I want to make it a personal goal this year to be more explicit in the learning of the big ideas of Biology: the concepts. We’ll start this week with a group task for students to try to connect these concepts to their latent understandings of Biology and we’ll build from there.
Some ideas for teaching the concepts in Biology:
- Jigsaw tasks for students in different groups as we review a unit: one group for each concept who need to explain how the content of the unit feeds into that one conceptual understanding.
- Connect-extend-challenge (a visible thinking routine**). As we build a body of biological knowledge students can reflect and review based on how this connects to each of the four concepts, how they might extend their understanding with deeper questions and what they have found challenging in the unit/ lesson.
- Concept walls: spaces in different parts of the classroom where students might pin their thoughts on the topic (or post post-its).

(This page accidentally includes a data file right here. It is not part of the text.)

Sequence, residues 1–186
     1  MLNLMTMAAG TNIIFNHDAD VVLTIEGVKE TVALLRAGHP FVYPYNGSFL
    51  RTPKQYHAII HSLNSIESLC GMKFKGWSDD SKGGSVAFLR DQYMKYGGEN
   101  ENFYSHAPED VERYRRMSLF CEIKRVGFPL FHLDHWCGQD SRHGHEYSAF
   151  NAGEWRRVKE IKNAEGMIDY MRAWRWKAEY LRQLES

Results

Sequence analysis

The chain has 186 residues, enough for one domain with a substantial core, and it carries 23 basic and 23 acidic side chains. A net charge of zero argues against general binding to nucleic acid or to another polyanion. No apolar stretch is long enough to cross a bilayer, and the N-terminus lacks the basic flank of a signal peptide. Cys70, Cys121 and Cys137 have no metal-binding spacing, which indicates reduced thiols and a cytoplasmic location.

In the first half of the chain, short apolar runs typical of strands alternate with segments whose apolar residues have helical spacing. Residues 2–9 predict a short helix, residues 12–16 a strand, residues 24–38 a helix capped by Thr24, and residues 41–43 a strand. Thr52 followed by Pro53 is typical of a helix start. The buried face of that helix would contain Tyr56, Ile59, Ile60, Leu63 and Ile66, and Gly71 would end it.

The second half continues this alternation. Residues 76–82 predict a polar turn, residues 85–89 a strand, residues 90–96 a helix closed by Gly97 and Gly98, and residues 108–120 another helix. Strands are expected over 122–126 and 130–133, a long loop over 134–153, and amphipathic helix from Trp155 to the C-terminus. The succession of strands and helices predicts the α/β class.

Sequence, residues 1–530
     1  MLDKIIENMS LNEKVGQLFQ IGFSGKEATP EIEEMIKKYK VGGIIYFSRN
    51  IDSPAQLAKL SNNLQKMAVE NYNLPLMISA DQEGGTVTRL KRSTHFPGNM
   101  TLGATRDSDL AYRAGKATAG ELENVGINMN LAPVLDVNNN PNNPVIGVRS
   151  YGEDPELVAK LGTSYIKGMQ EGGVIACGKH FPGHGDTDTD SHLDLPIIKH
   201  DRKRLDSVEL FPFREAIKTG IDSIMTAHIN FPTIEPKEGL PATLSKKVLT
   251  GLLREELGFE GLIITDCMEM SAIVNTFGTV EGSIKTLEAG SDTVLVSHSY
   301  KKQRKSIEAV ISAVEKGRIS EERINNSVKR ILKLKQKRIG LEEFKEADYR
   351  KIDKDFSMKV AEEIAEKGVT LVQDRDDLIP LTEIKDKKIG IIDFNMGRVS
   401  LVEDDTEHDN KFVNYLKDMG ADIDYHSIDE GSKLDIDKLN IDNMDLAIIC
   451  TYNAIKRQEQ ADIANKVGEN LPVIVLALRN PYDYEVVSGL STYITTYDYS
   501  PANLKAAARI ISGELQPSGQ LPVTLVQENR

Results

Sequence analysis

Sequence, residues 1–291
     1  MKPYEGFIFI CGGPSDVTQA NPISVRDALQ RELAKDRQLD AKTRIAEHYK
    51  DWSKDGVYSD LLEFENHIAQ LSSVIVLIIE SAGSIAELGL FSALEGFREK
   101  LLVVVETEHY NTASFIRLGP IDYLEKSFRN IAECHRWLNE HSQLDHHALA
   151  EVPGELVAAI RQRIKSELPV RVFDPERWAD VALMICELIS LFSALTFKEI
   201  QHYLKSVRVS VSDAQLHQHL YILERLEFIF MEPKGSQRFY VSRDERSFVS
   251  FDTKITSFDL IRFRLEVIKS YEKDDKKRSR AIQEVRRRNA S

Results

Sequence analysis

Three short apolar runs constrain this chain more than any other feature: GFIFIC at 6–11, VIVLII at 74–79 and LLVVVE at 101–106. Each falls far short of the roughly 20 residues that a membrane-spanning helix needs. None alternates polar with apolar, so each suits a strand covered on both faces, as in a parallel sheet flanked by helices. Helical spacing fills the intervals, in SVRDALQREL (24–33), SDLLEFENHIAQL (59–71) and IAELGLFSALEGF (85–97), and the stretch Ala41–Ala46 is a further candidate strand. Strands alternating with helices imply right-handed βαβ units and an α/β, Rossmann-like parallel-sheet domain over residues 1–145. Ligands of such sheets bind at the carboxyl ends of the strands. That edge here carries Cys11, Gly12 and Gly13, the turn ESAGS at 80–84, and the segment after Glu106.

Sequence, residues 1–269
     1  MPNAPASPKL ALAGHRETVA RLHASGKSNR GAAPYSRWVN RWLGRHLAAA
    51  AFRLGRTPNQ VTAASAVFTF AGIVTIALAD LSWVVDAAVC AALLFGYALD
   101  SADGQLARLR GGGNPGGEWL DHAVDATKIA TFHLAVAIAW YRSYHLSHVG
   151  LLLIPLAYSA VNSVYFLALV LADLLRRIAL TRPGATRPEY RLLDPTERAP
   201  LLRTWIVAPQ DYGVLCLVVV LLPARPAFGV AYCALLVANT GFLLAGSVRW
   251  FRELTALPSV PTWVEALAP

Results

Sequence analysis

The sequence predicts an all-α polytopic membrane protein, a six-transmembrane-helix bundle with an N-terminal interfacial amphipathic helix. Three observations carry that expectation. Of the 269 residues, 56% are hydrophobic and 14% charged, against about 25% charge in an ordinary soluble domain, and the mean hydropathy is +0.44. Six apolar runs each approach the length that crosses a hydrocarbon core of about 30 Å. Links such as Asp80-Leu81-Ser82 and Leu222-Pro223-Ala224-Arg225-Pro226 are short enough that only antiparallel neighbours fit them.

If you have more ideas for how to use the concepts of biology to strengthen students’ understanding, please share!
* ‘Teaching the Disciplines – Nurturing big Ideas for Deeper Understanding’ is an excellent document from the MYP section of the OCC. Read the section on the sciences.
**Harvard’s Project Zero has a fantastic set of thinking routines to make thinking visible. Try them out!
Welcome to the 2013-14 School Year!
Here is a quick overview of i-Biology.net for new and returning users – teachers and students – and I wish you all the best in your studies. Please note that this is not an official IB product and so should be treated with due caution. I do my best to keep it current and accurate, and appreciate constructive feedback.
The purpose of this site
This was designed as a support site for my own students, and hosts all of our class resources: presentations, links, videos and more. It is intended to allow for more student-focused teaching in that we do not go through every presentation as a lecture, this resource acts more as a student text and set of provocations for discussion and inquiry. Having said that, we are preparing for a terminal examination, so there is significant content to prepare students.